Taste Buds: What's something that....?

Joined Dec 30, 1999
This topic is inspired by monpetitchoux's response under the rhubarb topic.

They say your taste buds change every 6-7 years. Now, although they might not change completely, you may suddenly not like something you've loved for years and begin to have a craving for and like something you never thought you would.

Just within the last year for me it was chicken. I wouldn't touch white meat with a mile long pole for decades because it had no flavor and is always dry as cardboard unless it is flash fried and would occasionally have dark meat cooked only in specific ways. Now I eat chicken more at least twice a week and it has absolutely nothing to do with health benefits. (Especially since we fry the skin and I eat them like chips.)

So, the question for this topic is....
What's something you NEVER liked for years and one day wanted to try it, liked it, and surprised yourself?

Joined Nov 19, 1999
I like beets. My grandmother used to serve them pickled. The same thing happened to me with the cilantro, Linda. The first time I tasted it, it tasted like soap. :) But somehow it magically transforms a recipe. My start with it was white chili. The chemistry involved in cooking is fascinating.
Hmmm, I wonder if we could dump in a little soap if out of Cilantro. JUST KIDDING! :D
Joined Apr 24, 2001
Cilantro is on the list for me, too. But I remember the precise moment when it changed from soap to zest (hee hee). It was at an Indian restaurant and it was on everything. Another thing on my list is celery. I hated it for about 20 years and then about 5 years ago, I started eating it again. At cooking school, I developed a liking for stronger cheeses. Now Roquefort is a joy for me.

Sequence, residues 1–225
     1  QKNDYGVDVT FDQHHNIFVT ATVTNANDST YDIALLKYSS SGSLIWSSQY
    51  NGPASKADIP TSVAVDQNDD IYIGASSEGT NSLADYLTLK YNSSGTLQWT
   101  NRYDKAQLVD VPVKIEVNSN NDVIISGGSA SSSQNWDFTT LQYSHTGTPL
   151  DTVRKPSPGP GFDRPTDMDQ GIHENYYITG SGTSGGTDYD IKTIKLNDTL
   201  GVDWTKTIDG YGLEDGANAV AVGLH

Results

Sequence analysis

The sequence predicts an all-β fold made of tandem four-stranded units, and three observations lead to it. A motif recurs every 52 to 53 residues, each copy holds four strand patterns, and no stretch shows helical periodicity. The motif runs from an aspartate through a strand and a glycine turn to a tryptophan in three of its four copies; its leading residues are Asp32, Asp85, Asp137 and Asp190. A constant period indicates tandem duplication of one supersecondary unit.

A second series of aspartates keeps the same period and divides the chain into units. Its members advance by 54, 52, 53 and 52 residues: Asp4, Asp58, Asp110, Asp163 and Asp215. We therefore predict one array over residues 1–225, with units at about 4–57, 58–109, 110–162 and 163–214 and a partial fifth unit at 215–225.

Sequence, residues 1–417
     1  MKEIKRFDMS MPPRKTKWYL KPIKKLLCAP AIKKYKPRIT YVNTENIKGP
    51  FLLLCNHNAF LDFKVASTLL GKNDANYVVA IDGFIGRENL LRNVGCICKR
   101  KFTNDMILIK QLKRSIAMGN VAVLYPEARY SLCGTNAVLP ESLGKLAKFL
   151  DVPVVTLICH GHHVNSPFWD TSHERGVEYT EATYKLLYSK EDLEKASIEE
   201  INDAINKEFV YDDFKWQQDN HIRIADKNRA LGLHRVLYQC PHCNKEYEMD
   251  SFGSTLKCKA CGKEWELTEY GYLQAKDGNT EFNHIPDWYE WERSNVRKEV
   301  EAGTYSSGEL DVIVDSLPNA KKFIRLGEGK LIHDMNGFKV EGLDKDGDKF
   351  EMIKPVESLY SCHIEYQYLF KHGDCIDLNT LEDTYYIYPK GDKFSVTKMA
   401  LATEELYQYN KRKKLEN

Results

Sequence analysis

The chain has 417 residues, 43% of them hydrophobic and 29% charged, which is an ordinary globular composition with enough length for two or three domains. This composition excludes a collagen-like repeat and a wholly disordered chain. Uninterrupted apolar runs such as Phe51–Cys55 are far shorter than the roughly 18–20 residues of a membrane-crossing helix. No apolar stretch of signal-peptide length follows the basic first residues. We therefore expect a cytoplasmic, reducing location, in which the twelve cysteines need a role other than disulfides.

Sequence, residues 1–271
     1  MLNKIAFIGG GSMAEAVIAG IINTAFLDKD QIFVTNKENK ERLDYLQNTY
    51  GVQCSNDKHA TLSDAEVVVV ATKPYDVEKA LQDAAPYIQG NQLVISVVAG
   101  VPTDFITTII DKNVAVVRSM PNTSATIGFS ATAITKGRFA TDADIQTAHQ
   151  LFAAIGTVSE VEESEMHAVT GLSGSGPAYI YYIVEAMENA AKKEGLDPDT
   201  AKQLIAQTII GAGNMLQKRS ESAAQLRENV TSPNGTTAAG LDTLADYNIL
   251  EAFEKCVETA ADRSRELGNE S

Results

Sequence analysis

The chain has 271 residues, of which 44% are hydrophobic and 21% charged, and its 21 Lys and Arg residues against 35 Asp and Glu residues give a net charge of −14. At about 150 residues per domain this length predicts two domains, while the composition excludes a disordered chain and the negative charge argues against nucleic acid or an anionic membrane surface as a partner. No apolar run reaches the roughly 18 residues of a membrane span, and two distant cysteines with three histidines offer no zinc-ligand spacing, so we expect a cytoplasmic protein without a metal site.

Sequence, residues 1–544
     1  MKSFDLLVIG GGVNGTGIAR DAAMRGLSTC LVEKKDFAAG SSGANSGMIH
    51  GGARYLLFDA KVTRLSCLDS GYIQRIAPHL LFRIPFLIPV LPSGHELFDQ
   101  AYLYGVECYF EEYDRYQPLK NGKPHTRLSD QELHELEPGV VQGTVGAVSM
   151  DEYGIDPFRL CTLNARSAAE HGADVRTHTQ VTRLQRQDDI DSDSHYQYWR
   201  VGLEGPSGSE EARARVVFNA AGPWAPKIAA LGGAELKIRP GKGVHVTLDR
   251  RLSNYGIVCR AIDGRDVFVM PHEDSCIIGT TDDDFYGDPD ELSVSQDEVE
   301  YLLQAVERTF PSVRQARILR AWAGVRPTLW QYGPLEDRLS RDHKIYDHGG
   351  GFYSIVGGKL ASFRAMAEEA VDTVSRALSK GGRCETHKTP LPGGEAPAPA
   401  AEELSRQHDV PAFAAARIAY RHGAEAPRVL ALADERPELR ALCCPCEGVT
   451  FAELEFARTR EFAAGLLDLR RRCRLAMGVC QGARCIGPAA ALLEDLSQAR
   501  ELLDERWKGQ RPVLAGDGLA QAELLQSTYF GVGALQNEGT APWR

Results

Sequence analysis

On my list of still don't like is the aforementioned rhubarb and sage. Bleck!
Joined Dec 12, 2000
Hollandaise sauce. I used to hate it, but I tried some the other night at work and it turned out to be pretty good.


Joined Apr 4, 2000
I always refused to taste onion soup as a kid, until my father told me that it tasted nothing like raw onion. He was right. I loved it.
Joined Aug 29, 2000
Pastachef, you hit it on the head about cilentro- it tasted like soap to me, too, until I tasted it in a well-prepared salsa. Now I love it. Beets.... the only way I will consider eating them is in harvard beets or pickled. Otherwise: they look like bloody snowballs and taste like dirt. Graphic enough? I also don't really like sweetbreads. Maybe I'll try them again, but I can't get past the thought of the words "thymus gland" when I see them on a menu.
Joined Apr 30, 2001
For me it was mushrooms. I hated them all! I gradually started to like mushrooms when I took a Chinese cooking class and have found more and more ways to eat them over the past 10 years. I still can't stomach canned cream of mushroom soup, though.

By the way, I used to love Harvard Beets - I lost my taste for that. I still like pickled beets once in a while.

[ June 29, 2001: Message edited by: nancya ]
Joined Aug 11, 2000
First cooollllll flower Nancya....I love it!!!